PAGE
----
Leave No Trace for Fat Bikes - Appalachian Mountain Club
Leave No Trace for Fat Bikes - Appalachian Mountain Club

Leave No Trace for Fat Bikes

May 29, 2018
Leave No Trace for fat bikes
Nathan WolffWith great tires comes great responsibility: Leave No Trace for fat bikes means staying on-trail on Cape Cod (above).

Biking on trails and other unpaved surfaces can cause significant damage, especially if the terrain is muddy or easily disturbed. While fat bikes can cause less impact than mountain bikes due to wider tires and broader weight distribution, that doesn’t give you an all-season pass to ride when conditions are poor.

  • Always check local regulations to confirm which trails are open to cyclists. Many trails are closed to bikes, especially in the rugged terrain of the Northeast.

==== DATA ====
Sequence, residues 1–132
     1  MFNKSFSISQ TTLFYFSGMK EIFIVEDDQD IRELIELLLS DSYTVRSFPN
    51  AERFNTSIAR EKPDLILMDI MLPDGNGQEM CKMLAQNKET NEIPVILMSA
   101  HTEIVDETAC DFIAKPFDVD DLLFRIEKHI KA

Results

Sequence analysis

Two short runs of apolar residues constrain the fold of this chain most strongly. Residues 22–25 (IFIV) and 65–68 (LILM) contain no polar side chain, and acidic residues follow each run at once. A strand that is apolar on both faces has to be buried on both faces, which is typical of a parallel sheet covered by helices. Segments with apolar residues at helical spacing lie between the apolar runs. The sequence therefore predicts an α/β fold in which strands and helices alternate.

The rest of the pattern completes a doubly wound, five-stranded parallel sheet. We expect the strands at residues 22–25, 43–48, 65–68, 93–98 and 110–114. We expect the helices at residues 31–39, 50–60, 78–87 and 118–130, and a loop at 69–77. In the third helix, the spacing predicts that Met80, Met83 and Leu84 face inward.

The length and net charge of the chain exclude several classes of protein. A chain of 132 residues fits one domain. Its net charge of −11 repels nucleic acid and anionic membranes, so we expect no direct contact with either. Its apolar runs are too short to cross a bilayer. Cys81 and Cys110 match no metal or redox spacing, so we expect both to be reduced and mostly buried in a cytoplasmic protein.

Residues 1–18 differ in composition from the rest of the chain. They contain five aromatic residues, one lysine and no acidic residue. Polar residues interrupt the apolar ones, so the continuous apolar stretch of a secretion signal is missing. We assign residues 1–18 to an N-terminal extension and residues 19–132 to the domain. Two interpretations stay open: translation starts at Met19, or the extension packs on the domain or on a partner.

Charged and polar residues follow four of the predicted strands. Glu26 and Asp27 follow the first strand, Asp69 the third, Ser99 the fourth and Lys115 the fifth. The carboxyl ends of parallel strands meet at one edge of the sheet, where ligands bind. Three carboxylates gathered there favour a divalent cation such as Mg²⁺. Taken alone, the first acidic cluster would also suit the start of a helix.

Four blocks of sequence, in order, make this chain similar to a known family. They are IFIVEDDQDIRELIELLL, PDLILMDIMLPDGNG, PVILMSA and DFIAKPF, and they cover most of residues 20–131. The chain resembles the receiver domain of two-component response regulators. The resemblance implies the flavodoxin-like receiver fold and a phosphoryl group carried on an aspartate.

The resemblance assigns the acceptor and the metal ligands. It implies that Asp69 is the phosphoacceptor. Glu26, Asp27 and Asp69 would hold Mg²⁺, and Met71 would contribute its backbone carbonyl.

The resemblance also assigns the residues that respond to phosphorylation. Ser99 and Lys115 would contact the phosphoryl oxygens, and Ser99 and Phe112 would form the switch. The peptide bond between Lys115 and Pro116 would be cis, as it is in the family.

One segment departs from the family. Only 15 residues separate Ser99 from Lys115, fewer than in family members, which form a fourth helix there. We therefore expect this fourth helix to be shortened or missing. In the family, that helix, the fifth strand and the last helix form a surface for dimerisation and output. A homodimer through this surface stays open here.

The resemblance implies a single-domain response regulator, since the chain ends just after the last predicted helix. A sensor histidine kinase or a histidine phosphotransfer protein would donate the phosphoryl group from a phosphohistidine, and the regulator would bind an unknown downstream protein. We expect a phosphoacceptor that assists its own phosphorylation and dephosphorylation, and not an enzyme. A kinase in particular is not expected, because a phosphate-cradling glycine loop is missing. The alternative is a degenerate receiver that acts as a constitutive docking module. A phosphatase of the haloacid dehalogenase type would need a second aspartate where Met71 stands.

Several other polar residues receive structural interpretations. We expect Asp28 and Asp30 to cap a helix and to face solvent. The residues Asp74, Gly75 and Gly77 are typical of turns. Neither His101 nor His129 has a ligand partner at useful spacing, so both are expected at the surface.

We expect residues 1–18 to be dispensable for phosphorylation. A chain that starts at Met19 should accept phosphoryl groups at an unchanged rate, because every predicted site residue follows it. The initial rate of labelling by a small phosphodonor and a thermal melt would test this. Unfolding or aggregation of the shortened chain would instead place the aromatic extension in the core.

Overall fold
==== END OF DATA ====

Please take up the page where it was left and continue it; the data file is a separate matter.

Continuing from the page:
• Don’t ride when conditions are soft. In the Northeast, that means avoiding some trails during the spring mud season and after heavy rainfall.
  • Never ride off-trail, which can damage pristine terrain.
  • Always yield to other trail users, including hikers, runners, snowshoers, skiers, and equestrians. To do so on narrower trails, position your wheels as far to the side of the trail as you can, then stop, put down your outside foot, and lean your bike and body away from the trail corridor.
  • If you’re riding groomed terrain in winter, don’t disturb the parallel tracks put down for cross-country skiers.

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Matt Heid

Equipped blogger Matt Heid is AMC's gear guru: He loves gear and he loves using it in the field. While researching several guidebooks, including AMC's Best Backpacking in New England, he has hiked thousands of miles across New England, California, and Alaska, among other wilderness destinations. He also cycles, climbs, and surfs.